Thomas Kydd was promoted to acting lieutenant at the bloody Battle of Camperdown in October 1797. Now, he must sit an examination to confirm his rank—or face an inglorious return before the mast. But this is only the first of many obstacles for a man who was pressed into the King's Service and discovered a calling for the sea. Kydd is from humble origins, yet he attains the lofty heights of the quarterdeck as an officer in His Majesty's Navy. If he is to avoid spending the rest of his career as a tarpaulin officer, he must also become a gentleman. Kydd and his enigmatic friend Nicholas Renzi set sail in HMS Tenacious for the North American station. Aboard the old 64-gun ship, Kydd comes to doubt he will ever match up to the high-born gentlemen officers.
At the age of fourteen, Julian Stockwin went to TS Indefatigable, a tough sea-training school. He joined the British Royal Navy at fifteen before transferring to the Royal Australian Navy, where he served for eight years in the Far East, Antarctic, and the South Seas. Retired as a Lieutenant Commander, he lives in Devon, England, with his wife and literary partner Kathy.
Continuing the rousing adventures of Thomas Kydd . . . as he battles ships at sea, snobbery at home and the sense that he has serious personal shortcomings . . . Stockwin, a career navy man, writes of the nautical life with vivid authority.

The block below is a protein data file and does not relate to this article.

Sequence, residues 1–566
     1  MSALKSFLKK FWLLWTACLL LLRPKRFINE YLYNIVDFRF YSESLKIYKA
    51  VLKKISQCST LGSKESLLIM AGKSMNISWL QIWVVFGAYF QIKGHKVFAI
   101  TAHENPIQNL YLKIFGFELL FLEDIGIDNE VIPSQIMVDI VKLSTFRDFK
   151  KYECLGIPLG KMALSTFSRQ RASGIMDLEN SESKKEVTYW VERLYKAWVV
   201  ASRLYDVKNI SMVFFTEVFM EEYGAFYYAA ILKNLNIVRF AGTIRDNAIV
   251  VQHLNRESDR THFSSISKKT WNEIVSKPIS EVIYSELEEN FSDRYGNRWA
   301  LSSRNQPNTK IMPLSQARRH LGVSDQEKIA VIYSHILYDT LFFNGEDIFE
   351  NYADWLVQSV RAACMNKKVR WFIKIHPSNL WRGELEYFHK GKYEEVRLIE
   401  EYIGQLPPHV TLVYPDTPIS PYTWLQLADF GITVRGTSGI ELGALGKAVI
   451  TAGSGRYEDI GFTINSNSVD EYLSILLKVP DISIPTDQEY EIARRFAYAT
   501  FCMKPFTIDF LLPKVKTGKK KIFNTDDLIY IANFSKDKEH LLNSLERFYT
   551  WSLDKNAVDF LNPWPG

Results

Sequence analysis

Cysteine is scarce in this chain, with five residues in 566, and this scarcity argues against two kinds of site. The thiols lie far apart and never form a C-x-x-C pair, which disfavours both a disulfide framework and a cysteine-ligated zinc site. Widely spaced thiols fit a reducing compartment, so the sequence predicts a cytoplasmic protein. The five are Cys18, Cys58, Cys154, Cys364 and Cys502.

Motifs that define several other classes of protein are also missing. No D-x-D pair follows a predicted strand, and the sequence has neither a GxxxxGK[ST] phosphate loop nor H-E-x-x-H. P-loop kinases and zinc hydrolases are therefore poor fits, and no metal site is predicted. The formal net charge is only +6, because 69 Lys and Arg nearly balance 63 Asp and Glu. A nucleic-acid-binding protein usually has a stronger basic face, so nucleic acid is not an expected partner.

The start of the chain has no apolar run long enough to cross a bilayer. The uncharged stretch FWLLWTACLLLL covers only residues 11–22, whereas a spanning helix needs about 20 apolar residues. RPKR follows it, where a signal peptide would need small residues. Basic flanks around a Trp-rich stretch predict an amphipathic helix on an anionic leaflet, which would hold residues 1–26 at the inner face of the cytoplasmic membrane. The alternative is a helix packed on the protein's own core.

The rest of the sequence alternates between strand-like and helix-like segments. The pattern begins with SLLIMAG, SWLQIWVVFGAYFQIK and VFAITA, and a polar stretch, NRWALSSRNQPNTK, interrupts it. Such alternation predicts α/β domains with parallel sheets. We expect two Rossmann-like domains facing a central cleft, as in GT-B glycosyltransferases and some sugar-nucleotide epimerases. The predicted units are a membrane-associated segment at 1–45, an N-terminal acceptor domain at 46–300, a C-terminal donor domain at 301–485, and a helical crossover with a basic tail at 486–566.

A rousingly exciting and delicious full-immersion in the perils of seafaring and society during the great Age of Sail!
Period dialect and seagoing argot aplenty add credibility to the adventure, and the unworldly Kydd is an apt lens for the reader's journey.
Comparable to C.C. Humphreys’s Jack Absolute series and the naval tales of the great Patrick O’Brian.
The vantage point of the common sailor gives the nautical novel a fresh twist. In Stockwin’s hands the sea story will continue to entrance readers across the world.
Stockwin's writing is enriched by his own experiences in the Royal Navy, which gives scenes of fighting and tempest an authenticity to delight anyone who shares his passion for the sea.
Elegantly plotted . . . the writing has the power of a broadside at close range.
Stockwin's descriptions of the bloody reality of naval combat 200 years ago are memorably vivid, and reveal a profound respect for the seamen who were willing to sacrifice their lives to help save their country.